Why do people help? What makes someone reach out to someone with an honest heart and compassionate soul? For those that do because they care, it is simply that. They care. And they see humankind as an extension of themselves and realize that if they are able to help and spread love, then they should. They even feel compelled to do so at a deep self and spiritual level.
And yet, in my young daughters defense, there are plenty of people who reach out momentarily only to relieve their own guilt or fear or anger or resentment about situation. And plenty of other people who will message you on FB, approach you in the grocery store, or send you a text to check on you just so they can find out what is really going on in your life. The information alone satisfies them, although their reaching out is done under the veil of compassion – it isn’t really compassionate at all. It is self-serving and riddled with guilt.
I am not sure that there is a solution to this, or even if this can be classified as a problem.
Perhaps we are living in a world that has become desensitized to one another – that is living by a motto of “every man and woman for himself.” Or perhaps this is just a defense mechanism so that we aren’t overloaded with fear and misery, and overwhelmed by taking on the broken wings of every bird in the world. Truth is, I don’t know the answer.
She asked me if our house burned down, who would help us? She asked me if I were to die and her and her sisters were to lose their mother, how long would it be before people forgot and moved on with their own lives? And as far as the bombings and mass shootings and terrorist attacks – she reminded me that as soon as the news coverage is over, most will just forget and move on – while thousands of others will be affected for the rest of their lives. And she’s right, the ones personally affected will never forget. But the rest of us, sadly….will. Or will at least push it to the back of our minds.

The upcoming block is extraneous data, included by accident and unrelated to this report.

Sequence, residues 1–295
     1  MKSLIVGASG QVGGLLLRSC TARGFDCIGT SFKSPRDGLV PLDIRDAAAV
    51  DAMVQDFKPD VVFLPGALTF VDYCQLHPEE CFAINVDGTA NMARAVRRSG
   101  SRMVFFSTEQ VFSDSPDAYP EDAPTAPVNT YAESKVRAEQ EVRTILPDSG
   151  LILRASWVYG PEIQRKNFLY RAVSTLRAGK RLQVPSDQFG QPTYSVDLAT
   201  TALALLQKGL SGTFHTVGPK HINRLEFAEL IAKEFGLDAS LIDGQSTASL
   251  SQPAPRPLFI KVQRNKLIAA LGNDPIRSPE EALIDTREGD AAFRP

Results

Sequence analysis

She said, “Mom, is giving those people water – or collecting their shoes or selling t-shirts, really enough? Or is it just a way for people to make themselves feel better about themselves – boosting their own ego temporarily?”
I will admit that I was left in awe of her wisdom. And saddened by her lack of faith in humanity. I like to believe the best about people. I like to think that I have raised my daughters to find the good in others, and to be compassionate souls. But having people literally run over your dog in front of your house – then drive away without even slowing down to apologize while you stand there and watch a beloved pet die – leaves a sharp scar about the compassion in this world.
Still, I will continue to point out the good things to my daughter. Will continue to try and keep her faith in humanity as inherently good alive. I just wish the world would help me out a bit.
What’s your take? Do people really care about one another? Or are many acts of kindness just ways to inflate our own egos?